“The medical practitioner, then, finds himself an agent in the midst of a mass activity, and of course he can have no independence of action to speak of. If a certain medical technology has been developed, it is expected by society that he will facilitate his patients’ access to it. To act in this sphere is to participate with the community’s common action, which has very well defined and unnegotiable purposes. The paradox is that the community’s goal is freedom; but such freedom clearly cannot include freedom of action which might frustrate communal action. It follows that we conceive our freedom passively, as a freedom not to suffer, not to be imposed upon. It is the freedom of consumers, rather than participants. It is a freedom to exist unmolested and unthreatened in the private realm, without interference in one’s family, one’s sexual relations, one’s religion, one’s eating and drinking—and, of course, the expression of one’s opinion, for in a society in which politics is managed by technique, opinions are no longer potent in the public realm. The freedom of conscience on which liberal society prides itself is only a private freedom. As soon as one intends to act in public, by being a physician, a lawyer, or a journalist, one is constrained. To presume to exercise freedom of conscience in one’s public dealings is, as we say, ‘thrusting your private convictions down other people’s throats’, that is to say, bringing them out of the private realm into the public forum where they might challenge community policy. We call ourselves, self-deprecatingly, a ‘consumer society’, and chide ourselves for the greed which makes it so. Even the practice of medicine, it is often said, is seen increasingly as a kind of retail trade, marketing health-care to consumers. I do not think that this shift of perspective has primarily to do with an increase of greed or selfishness (though no doubt these are implied by it), but with our cultural conception of freedom as the freedom not to suffer. From such a conception it must follow that the freedom is all the patient’s and the responsibility all the doctor’s, and that is what evokes the analogy with the retail trades. The old conception of medicine as a collaborative enterprise, in which doctor and patient each have freedoms and responsibilities, can no longer be sustained....”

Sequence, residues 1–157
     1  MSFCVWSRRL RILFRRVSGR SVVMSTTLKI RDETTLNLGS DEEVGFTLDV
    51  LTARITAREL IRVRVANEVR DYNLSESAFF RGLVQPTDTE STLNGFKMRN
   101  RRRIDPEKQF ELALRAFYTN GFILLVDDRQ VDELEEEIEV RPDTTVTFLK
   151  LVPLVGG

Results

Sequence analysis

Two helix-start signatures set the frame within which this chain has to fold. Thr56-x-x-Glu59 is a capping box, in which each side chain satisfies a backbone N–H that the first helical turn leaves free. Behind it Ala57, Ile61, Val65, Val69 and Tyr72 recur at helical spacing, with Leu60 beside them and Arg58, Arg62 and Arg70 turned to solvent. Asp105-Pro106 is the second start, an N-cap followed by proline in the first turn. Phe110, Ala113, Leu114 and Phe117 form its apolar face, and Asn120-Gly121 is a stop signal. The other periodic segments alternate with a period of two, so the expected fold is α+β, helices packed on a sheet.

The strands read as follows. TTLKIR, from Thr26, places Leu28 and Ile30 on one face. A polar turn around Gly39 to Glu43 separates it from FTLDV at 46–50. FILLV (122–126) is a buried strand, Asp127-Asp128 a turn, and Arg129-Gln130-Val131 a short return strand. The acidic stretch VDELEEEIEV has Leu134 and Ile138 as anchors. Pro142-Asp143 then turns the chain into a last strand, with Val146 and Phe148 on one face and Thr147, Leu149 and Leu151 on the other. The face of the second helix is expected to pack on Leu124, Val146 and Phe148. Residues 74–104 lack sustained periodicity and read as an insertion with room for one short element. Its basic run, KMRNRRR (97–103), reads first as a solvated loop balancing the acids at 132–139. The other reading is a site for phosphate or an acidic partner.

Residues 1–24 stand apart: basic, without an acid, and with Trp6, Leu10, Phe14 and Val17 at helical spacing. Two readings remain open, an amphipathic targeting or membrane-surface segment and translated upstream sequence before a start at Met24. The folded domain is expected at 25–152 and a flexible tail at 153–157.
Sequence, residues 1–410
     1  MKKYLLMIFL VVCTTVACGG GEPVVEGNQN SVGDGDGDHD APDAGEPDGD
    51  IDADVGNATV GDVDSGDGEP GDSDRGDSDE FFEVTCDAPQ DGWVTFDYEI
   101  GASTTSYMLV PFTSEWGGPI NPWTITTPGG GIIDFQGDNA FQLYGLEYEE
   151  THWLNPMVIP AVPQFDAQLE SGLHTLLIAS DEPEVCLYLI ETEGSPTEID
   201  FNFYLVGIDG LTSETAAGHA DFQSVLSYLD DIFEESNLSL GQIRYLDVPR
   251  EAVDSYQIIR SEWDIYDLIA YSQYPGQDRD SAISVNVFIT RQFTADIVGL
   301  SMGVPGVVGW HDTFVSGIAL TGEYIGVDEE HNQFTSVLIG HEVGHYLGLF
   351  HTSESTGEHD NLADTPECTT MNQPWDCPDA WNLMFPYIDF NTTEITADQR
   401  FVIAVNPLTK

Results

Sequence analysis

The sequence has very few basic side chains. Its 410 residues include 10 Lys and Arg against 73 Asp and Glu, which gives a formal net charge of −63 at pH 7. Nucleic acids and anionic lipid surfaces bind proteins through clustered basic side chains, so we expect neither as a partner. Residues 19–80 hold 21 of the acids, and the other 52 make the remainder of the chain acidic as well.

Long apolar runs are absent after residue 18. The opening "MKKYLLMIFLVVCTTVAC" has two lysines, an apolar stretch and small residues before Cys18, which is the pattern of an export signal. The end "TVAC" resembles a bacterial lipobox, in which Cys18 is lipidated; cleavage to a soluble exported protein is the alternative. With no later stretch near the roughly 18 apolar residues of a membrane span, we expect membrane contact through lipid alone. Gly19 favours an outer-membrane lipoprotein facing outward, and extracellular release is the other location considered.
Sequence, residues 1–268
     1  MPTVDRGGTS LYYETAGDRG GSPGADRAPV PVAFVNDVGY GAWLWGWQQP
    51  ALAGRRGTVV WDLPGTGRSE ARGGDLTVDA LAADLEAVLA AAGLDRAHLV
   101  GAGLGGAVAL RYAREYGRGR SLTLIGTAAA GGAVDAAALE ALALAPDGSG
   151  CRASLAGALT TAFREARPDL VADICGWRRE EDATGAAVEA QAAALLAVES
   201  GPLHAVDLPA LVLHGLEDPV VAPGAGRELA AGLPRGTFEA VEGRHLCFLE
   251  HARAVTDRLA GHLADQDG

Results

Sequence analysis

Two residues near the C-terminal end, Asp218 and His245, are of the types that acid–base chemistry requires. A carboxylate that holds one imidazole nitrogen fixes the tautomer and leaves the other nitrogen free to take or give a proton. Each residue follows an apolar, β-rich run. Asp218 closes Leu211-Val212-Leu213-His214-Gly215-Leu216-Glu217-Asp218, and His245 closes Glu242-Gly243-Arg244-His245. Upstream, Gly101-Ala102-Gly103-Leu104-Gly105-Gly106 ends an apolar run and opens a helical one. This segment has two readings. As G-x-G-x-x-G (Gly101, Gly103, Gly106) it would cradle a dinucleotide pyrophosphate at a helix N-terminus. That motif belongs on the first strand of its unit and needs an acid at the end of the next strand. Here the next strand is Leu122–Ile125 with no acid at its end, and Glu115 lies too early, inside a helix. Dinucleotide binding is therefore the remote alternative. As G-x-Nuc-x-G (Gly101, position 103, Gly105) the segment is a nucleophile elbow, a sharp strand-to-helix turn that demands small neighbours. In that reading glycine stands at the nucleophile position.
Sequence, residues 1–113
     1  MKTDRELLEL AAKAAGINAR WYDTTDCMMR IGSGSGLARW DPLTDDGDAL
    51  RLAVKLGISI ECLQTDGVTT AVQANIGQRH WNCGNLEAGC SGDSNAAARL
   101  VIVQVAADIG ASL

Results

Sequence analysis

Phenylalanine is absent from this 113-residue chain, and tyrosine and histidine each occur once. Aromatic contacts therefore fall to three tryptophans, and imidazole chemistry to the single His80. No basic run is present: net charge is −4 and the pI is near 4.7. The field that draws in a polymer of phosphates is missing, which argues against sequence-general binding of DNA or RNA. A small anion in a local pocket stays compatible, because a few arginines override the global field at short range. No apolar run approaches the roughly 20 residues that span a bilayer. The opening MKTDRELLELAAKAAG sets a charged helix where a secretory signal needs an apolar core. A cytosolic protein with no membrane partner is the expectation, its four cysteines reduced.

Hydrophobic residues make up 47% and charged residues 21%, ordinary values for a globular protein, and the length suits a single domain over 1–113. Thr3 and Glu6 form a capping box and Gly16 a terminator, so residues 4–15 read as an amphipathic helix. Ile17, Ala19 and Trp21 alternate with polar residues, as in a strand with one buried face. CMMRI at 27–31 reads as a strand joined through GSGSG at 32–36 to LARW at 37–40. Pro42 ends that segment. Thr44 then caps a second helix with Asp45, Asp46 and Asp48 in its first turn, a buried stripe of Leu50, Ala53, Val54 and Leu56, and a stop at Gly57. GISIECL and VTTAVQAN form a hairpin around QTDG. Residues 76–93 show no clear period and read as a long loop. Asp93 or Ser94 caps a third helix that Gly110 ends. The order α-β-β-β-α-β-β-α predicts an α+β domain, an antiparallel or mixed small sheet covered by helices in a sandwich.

“Medicine and the Liberal Revolution” is Chapter 1 of Begotten or Made, by Oliver O’Donovan.  Begotten or Made was published in 1984 by Oxford University Press (excerpt is from pages 9 and 10).  Oliver O’Donovan is currently Regius Professor of Moral and Pastoral Theology at the University of Oxford and Canon of Christ Church, Oxford.  In September 2006 he will assume the Chair of Christian Ethics and Practical Theology at the University of Edinburgh School of Divinity.